Underneath the middle section of Arlington Memorial Bridge, two trailer-sized offices hang from the steel superstructure, with grated windows looking out at million-dollar views down the Potomac River. Inside these two oddly placed rooms sits the abandoned, century-old machinery that used to allow the middle span to open up like a drawbridge.
The bridge was designed in 1929 by New York architects McKim, Mead & White as a neoclassical, granite-clad concrete structure, inspired by the aqueducts of Ancient Rome. Specialists at the Strauss Engineering Company were brought in to work out the engineering behind the challenging draw span that would permit river traffic to reach the Georgetown waterfront upstream. (Within the decade Strauss would also be busy at work on another storied bridge in San Francisco, the Golden Gate.)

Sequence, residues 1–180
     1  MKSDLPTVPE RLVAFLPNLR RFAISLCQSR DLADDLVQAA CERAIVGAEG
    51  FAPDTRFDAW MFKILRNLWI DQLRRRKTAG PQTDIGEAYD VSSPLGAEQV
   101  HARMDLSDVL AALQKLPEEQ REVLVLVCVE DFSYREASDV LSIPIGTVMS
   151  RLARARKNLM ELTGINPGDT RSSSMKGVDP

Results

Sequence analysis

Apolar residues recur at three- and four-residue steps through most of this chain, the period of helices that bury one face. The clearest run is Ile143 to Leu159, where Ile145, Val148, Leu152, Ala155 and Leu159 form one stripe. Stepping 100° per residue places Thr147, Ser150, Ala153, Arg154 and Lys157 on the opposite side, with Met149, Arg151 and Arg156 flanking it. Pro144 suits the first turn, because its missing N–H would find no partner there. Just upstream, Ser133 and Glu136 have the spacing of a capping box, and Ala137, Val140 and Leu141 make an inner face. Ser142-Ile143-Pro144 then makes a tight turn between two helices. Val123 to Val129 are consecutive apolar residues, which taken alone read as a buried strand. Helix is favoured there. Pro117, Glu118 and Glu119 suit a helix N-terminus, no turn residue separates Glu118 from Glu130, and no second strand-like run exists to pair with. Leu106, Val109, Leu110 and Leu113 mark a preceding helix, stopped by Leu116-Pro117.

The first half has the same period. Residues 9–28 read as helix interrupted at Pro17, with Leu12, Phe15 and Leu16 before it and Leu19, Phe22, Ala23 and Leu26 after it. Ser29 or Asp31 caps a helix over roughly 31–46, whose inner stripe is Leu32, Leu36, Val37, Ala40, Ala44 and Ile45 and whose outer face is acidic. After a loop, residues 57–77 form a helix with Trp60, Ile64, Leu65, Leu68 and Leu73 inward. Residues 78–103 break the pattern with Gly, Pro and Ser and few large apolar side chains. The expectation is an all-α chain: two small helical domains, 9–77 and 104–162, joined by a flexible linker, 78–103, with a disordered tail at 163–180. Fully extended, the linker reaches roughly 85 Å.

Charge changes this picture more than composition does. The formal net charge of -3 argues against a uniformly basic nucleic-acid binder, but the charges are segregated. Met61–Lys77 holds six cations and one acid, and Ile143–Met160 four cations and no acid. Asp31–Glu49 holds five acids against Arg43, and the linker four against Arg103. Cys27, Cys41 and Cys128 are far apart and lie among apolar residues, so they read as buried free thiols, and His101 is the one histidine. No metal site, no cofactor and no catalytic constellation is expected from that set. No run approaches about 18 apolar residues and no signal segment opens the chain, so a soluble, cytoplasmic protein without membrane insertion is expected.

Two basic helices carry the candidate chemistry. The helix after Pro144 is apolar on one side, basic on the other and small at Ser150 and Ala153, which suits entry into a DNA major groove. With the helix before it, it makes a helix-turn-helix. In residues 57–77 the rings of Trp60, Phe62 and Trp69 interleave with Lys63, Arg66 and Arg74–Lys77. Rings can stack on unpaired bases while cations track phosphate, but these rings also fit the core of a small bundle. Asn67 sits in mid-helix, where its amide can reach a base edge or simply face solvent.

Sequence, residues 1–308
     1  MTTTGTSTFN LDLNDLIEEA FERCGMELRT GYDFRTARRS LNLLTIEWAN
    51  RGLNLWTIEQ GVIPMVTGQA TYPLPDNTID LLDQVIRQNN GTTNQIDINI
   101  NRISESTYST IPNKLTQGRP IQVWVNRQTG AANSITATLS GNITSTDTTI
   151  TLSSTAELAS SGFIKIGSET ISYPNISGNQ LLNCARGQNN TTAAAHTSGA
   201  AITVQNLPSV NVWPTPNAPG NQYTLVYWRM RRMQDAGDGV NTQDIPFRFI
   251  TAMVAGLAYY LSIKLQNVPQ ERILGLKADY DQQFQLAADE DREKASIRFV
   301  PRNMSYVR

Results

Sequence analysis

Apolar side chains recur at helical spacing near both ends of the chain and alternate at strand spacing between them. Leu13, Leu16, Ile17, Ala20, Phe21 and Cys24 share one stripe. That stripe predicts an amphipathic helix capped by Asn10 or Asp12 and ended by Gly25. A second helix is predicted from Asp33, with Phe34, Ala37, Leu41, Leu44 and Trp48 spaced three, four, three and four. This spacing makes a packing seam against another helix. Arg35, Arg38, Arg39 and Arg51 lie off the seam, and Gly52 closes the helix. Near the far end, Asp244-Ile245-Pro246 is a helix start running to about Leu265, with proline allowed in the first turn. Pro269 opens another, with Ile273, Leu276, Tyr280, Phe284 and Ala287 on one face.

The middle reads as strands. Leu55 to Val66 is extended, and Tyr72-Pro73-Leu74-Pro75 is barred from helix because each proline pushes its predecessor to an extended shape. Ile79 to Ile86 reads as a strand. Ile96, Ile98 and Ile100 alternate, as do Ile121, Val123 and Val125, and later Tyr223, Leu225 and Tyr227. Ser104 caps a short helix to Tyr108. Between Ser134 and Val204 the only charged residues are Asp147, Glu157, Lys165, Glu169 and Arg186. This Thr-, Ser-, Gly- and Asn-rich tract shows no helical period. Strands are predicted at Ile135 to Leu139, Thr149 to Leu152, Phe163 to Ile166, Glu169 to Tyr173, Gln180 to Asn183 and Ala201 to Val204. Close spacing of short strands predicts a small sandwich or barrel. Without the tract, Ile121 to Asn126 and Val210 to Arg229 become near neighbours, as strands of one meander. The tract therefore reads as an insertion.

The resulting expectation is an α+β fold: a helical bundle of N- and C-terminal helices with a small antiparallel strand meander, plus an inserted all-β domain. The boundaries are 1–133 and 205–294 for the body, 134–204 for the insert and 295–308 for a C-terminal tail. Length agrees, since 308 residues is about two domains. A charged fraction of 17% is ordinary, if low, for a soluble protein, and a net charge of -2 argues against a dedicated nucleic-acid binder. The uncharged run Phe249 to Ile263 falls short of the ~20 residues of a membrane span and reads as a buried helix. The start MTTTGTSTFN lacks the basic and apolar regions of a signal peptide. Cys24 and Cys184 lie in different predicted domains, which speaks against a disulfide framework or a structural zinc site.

Four million pounds of iron housed in the two piers on either side of the draw span acted as counterweights and could lift the two leaves vertical in just a single minute. Hidden from view inside the bridge piers, the draw span control rooms only popped into public view when the mechanism broke down and caused traffic delays, which it did with some regularity.
Memorial raised its drawbridge for the final time on February 28, 1961. The Theodore Roosevelt Bridge under construction a third of a mile upstream was a solid concrete structure, which eliminated the functionality of Memorial’s draw span. Finally in 1976, the leaves of the Memorial Bridge draw were sealed, and the doors to the control room locked for good.
Most Washingtonians today have forgotten that the drawbridge section ever existed. Its stamped metal facade blends in with the granite and only betrays their secret when viewed from below. Back in the day engineers would have entered the control rooms through small doorways tucked into the corner of the sidewalk above; today the only way you can catch a glimpse is by boat.
Know Before You Go
Rent a kayak in Georgetown and paddle down when the weather is nice.